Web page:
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NOAA Fisheries, released Thursday, its biennial population estimate for the endangered Cook Inlet beluga whale. Scientists determined that the population size is between 279 and 386 animals, with a most likely estimate of 328 animals. The estimate is derived from data collected during a June 2016 aerial survey. The previous estimate, from 2014, was 340 animals.
Estimates can vary from year to year due to changes in abundance from births and deaths, and may also vary based on weather or oceanographic conditions during the survey, changes in beluga behavior or distribution, and statistical variability in the data.
“Cook Inlet belugas are still in danger of extinction because the population is so small,” said Paul Wade, head of Cook Inlet beluga research at NOAA Fisheries. “The population trend over the last 10 years has been relatively stable compared to the steep decline seen in the 1990s, but there is some evidence the population has continued to decline slightly. We are concerned that the population is not yet increasing towards its former abundance level.”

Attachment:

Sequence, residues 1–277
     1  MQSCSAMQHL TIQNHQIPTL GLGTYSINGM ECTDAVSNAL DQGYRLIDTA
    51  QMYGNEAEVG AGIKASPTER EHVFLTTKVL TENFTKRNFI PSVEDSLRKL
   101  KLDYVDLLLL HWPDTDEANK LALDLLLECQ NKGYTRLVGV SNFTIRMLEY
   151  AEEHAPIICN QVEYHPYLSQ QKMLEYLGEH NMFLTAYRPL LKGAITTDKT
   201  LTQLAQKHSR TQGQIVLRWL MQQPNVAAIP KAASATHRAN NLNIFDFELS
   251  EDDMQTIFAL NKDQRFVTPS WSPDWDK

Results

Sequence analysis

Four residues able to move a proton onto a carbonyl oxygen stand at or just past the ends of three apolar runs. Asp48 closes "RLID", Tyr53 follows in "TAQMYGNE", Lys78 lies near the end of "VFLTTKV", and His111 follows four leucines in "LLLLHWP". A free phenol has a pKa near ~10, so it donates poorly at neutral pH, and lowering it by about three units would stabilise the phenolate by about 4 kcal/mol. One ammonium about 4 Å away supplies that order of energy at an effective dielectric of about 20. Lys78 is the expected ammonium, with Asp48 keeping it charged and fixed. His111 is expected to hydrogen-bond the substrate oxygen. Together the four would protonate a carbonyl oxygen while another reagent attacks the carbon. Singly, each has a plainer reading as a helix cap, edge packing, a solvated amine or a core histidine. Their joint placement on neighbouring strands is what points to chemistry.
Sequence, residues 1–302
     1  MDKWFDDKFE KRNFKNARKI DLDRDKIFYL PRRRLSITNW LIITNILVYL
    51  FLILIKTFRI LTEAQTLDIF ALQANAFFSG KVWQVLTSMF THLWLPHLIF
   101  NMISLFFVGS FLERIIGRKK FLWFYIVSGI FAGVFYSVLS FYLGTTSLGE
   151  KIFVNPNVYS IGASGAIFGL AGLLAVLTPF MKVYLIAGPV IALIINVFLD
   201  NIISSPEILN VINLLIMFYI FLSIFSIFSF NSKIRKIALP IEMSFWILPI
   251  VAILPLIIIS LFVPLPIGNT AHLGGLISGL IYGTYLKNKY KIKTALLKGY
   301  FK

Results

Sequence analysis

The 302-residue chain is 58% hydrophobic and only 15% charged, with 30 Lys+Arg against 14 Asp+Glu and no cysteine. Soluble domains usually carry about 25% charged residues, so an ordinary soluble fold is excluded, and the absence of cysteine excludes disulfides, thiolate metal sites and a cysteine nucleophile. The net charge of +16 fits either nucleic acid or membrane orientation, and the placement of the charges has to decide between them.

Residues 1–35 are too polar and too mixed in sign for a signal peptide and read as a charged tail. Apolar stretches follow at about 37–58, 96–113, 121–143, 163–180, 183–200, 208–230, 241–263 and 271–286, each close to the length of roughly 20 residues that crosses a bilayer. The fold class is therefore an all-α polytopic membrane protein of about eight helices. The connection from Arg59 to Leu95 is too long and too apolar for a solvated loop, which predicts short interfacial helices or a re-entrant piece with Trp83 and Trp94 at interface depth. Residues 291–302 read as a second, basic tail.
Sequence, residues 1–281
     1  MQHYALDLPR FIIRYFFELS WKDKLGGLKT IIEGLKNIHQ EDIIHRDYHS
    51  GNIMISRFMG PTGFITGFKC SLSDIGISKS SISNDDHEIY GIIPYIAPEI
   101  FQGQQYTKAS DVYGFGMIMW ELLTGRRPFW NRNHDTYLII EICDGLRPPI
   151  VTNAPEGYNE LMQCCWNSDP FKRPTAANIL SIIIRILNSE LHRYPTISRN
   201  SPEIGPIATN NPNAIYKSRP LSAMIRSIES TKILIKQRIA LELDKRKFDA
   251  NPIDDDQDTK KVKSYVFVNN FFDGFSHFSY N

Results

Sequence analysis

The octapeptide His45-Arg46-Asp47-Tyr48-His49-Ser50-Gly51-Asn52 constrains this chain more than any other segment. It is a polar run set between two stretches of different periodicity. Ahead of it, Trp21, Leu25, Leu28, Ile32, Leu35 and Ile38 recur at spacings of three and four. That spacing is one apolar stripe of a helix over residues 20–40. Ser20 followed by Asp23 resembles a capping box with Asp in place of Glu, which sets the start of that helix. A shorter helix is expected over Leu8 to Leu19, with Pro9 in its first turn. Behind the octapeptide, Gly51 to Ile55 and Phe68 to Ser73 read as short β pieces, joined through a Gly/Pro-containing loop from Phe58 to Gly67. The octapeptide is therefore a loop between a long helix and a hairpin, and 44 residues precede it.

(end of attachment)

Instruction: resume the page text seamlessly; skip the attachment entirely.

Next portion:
Scientists from NOAA’s Alaska Fisheries Science Center have been conducting aerial surveys of Cook Inlet for more than two decades to estimate the population of beluga whales. From a small airplane, scientists look for and count beluga whales and make video recordings of the whale groups.
They then analyze the video and observer counts to produce a broad-scale picture of the whales’ distribution and abundance in the inlet in early June.
Late spring and early summer is when belugas concentrate near river mouths or shallow tidal bays in the northernmost reaches of Cook Inlet, where it is likely they feed on migrating fish, especially eulachon and salmon.
Cook Inlet belugas comprise one of five beluga populations recognized within U.S. waters. NOAA listed Cook Inlet beluga whales as endangered under the Endangered Species Act in 2008. The agency finalized a recovery plan in December 2016 for the iconic species. Cook Inlet beluga whales are one of NOAA Fisheries’ eight Species in the Spotlight—considered most at risk of extinction.
Reports on the survey and the analysis are available online.
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Source: NOAA Fisheries